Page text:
A few days before embarking on an extensive tour supporting Bloom, the hotly-aniticpated follow-up to 2010's Teen Dream, the members of Beach House sat down for a talk in their Fells Point rehearsal space. Guitarist/keyboardist Alex Scally nibbled on a pretzel stick, and singer/keyboardist Victoria Legrand swigged from a gallon jug of water while sitting in a fur-lined alcove they created for a Pitchfork video shoot. They were excited about the new record, which comes out tomorrow via Sub Pop, and spoke about the process of recording it at Sonic Ranch in Tornillo, Texas, which is located in the middle of nowhere, about a mile from the Mexican border.
Look for a Beach House story in the June issue of Baltimore.
JL: How did you end up recording in such a remote part of Texas?
Victoria Legrand: We’ve driven through that part of the country many, many times. On tour, we’d just drive by.
Alex Scally: At this point, we’ve done nine or ten full U.S. tours. It’s always a haul to get from Austin to L.A., and, on this one tour, we pulled into El Paso at night and I’d never been there before. We stopped at a Motel 6, and it was a pretty creepy one, but we were sitting in the doorways of our rooms with another band and we were all drinking, and we kept seeing lights in the sky and it seemed so mystical. We were captivated by it, and that's where this studio is located, close to Mexico.
VL: Out there, you really feel like you're on the edge of something.
AS: The whole time we were recording Bloom we could feel that energy. It’s always around, like you’re right on the brink. Everything’s close to death, because there’s no water, brutal sun, and there are things that will kill you everywhere. The first day of recording we had to kill a bunch of black widows that were on this piece of wood we were using to unload our instruments. But I think it’s a beautiful energy, right?
VL: Yeah. It felt small and huge at the same time. There were just four of us (including drummer Daniel Franz and engineer/producer Chris Coady), so we were a small group and didn’t see many people. Everything’s intensified and when you walk home alone at night, it’s just you and the world and the music. It’s a necessary intensity. And there was a huge sky over us. Small and huge is the best way to describe it.
JL: How did that affect the finished recording?
VL: It might have affected the recording process, but, as far as the actual writing, it didn’t. We’ve always written and arranged everything before we go. Everything has been fully demoed before we go into the studio, and we do that here. Basically, we record our albums twice.
JL: What role does Chris Coady play in that process?
VL: Chris Coady is a fellow Baltimorean.
AS: That’s the first thing that drew us to him. A lot of our friends, like the band Celebration, knew him, and he wanted to work with us. We didn’t want a producer, because we write and arrange everything to a T. We don’t want someone who’s going to tell us to change anything. We sent him some demos for Teen Dream and met with him, and he made it clear he wasn’t interested in changing what we were doing. He just wanted to make it better, which he does because he knows how to use studio equipment so well. He has an encyclopedic knowledge and understanding of the recording environment. And we wanted to use a tape machine, but nobody knows how to use them anymore. Chris uses all these old mixing boards, and he’s just fearless. People don’t want to mix on old, shitty boards because there are so many things that could go wrong. Everyone mixes with ProTools because it’s safe. But Chris just does it. He’s fearless.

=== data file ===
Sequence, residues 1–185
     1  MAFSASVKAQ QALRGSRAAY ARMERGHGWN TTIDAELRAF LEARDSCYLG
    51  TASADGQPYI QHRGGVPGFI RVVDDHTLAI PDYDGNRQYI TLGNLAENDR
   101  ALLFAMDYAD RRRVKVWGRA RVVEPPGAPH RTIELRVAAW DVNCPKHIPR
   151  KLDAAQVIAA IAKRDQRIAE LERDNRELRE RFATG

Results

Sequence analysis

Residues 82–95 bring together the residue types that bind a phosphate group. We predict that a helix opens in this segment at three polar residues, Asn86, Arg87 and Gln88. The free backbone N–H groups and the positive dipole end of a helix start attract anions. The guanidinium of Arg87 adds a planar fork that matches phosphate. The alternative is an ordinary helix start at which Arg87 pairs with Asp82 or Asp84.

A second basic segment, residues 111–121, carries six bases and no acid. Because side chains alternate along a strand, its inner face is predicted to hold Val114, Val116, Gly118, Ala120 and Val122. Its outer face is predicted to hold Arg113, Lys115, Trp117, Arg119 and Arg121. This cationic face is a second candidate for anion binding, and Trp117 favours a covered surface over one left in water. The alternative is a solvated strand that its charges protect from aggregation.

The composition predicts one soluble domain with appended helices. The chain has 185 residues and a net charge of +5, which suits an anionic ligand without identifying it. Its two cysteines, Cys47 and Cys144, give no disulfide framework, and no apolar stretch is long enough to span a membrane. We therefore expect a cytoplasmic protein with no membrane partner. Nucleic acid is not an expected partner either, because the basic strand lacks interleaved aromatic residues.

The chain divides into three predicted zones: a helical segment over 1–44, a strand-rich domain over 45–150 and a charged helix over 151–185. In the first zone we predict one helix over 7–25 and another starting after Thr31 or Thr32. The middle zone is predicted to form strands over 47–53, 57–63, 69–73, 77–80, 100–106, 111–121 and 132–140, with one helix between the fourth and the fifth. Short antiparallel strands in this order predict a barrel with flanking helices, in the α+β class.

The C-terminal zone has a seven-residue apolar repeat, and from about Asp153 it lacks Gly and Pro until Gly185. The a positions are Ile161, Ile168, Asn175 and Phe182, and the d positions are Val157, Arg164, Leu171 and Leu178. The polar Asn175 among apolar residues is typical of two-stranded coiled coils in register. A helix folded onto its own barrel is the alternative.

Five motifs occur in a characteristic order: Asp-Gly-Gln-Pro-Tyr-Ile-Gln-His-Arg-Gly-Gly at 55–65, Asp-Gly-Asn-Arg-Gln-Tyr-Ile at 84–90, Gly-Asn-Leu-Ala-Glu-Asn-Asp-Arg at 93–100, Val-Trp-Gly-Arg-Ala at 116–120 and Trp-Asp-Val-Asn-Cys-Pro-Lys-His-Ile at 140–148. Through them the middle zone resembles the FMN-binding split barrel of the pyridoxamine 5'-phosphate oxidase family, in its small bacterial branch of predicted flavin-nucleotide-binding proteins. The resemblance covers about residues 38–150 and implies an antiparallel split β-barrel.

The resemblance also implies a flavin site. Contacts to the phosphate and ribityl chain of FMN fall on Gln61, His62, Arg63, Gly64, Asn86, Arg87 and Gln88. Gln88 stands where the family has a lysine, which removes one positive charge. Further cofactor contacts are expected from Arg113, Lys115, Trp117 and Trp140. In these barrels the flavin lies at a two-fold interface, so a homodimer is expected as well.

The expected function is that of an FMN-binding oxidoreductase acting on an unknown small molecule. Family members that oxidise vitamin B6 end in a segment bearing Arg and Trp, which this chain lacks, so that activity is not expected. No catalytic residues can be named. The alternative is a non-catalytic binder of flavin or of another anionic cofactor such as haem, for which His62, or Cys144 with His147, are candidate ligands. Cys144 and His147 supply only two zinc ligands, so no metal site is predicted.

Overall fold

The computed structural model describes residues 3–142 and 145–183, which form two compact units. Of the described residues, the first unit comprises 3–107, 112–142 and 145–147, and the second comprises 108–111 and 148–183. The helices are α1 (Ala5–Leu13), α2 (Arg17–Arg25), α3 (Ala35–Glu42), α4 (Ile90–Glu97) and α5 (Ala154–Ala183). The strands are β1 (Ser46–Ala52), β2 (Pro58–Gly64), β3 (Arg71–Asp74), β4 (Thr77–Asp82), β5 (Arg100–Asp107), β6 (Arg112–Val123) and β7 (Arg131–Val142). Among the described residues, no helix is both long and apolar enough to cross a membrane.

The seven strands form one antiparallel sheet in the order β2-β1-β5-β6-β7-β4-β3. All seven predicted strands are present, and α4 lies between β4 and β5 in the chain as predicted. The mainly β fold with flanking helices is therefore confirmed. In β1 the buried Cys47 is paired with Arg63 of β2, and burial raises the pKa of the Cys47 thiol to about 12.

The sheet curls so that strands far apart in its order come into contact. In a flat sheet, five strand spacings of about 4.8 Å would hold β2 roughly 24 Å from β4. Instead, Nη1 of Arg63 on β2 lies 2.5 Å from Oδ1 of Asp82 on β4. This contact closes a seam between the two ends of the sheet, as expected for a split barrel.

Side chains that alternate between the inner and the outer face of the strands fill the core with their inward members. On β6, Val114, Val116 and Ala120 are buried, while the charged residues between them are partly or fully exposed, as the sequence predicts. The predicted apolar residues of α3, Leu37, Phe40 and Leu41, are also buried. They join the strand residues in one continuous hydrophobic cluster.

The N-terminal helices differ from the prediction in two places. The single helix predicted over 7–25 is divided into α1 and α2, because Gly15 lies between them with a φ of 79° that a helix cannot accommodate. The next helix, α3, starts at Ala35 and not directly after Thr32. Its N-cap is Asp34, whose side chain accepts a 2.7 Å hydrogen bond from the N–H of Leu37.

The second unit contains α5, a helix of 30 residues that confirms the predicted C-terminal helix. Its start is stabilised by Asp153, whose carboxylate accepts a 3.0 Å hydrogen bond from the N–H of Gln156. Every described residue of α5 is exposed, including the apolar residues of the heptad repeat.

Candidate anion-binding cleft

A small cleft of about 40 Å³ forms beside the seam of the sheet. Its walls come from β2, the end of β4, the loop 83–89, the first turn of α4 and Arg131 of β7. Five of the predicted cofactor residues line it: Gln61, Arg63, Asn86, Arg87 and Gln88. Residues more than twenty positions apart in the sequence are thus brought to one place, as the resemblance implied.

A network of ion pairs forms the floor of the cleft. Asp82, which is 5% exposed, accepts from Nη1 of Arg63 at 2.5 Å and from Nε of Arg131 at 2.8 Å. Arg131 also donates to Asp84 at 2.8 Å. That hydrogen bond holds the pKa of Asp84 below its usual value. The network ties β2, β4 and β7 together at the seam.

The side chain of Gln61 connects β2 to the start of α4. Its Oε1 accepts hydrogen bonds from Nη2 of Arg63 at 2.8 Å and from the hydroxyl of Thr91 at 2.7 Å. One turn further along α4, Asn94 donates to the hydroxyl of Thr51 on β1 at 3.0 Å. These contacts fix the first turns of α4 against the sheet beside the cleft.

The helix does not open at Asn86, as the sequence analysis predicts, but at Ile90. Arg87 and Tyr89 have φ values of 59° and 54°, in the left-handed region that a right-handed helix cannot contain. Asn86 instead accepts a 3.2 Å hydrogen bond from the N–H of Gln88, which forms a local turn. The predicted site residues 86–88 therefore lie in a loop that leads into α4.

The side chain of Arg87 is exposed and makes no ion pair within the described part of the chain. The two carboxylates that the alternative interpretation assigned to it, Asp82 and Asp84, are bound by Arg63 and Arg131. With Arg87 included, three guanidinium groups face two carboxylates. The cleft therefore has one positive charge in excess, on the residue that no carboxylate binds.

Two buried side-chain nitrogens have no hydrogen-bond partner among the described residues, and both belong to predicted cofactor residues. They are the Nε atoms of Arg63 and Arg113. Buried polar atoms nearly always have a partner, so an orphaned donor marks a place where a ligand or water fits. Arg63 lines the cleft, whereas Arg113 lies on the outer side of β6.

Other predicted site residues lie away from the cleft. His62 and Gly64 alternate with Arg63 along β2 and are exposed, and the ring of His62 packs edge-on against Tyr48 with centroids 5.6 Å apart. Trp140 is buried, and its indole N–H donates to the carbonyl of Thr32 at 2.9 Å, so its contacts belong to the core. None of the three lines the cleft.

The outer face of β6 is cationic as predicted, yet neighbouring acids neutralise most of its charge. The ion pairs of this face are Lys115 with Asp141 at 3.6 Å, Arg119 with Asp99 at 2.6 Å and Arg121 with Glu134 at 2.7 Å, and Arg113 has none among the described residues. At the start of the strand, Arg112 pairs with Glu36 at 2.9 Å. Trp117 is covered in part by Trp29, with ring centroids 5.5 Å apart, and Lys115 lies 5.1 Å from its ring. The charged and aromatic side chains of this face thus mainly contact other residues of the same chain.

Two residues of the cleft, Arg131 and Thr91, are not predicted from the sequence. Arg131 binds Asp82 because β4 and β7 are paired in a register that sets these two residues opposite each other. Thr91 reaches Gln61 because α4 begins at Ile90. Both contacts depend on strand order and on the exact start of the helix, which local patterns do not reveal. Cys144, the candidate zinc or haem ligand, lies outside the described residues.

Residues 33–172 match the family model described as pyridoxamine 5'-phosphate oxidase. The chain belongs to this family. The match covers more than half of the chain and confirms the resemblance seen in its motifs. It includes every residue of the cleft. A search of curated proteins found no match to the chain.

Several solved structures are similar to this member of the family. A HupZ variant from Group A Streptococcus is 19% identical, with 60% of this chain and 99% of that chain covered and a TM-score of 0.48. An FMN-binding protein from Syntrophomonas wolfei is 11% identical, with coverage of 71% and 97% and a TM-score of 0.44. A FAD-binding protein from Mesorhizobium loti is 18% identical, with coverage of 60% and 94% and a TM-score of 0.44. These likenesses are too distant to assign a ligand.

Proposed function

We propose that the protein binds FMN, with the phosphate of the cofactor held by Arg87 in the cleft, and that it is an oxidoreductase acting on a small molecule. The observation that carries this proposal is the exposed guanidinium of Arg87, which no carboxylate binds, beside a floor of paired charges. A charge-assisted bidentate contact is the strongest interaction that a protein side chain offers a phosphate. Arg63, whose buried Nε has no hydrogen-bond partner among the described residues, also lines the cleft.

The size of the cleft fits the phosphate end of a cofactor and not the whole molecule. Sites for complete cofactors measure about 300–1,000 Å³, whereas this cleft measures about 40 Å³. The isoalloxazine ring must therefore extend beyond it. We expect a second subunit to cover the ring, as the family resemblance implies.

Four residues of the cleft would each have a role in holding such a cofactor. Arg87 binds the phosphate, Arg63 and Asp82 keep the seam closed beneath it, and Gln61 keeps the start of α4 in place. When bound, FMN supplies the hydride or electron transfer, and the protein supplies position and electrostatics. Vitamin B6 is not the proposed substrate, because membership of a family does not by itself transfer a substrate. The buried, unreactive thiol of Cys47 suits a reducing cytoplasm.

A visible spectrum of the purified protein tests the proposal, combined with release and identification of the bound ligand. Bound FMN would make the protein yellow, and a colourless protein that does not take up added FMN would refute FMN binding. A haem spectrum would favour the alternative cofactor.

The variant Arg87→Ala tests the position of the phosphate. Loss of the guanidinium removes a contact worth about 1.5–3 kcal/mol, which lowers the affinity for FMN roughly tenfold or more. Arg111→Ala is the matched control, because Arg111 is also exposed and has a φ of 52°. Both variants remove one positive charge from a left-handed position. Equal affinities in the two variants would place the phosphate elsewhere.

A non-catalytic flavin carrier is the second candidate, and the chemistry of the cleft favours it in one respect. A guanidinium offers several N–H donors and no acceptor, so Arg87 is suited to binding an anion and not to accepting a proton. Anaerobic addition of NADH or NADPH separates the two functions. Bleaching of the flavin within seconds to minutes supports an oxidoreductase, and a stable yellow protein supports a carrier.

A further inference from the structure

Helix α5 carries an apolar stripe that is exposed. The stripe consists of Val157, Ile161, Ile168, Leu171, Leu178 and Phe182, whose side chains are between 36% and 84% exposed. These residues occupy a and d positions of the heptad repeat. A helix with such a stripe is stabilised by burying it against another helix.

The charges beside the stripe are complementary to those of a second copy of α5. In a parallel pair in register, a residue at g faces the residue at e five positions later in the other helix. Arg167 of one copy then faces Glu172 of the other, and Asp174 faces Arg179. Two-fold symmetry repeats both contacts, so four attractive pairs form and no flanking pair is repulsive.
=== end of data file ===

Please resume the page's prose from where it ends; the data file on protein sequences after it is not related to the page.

JL: This record seems to intensely reflect the spark of a live show and the precision of studio recording.
VL: Maybe the juggling between playing live and playing in the studio gives it more intensity. We’re always going from one to the other, so it seeps into that middle ground. It’s not something you think about very much, but the minute you hear it you know what it is, and it’s very precious. A feeling, emotion, or melody has a life form that is big. That’s why we continue making music, because we believe in these seeds of ideas and creating these worlds.
AS: We have everything worked out, but things always happen that we never expect. Like “Irene.”
VL: Your own idea of perfection is based on your willingness to accept flaws in just the right places. There are spontaneous moments in the recording session we could never have predicted that end up being perfect. The end of the song “Irene” was a moment that happened, something that could not have been planned. The song was written and arranged, and we were playing what we knew.
AS: The initial idea was that it would repeat and fade out. That was how the record was going to end. It would repeat endlessly and fade out. But we hadn’t thought much about the arc of the feeling in that song, and the feeling just took hold of us, and we didn’t do a fade out at all. We just kept jamming, and it had this weird feeling to it that we really loved.
VL: But overall, we love all our songs and don’t have any real favorites. There is no song we have more affinity towards, because they’re like family. You need them, and they all have different identities.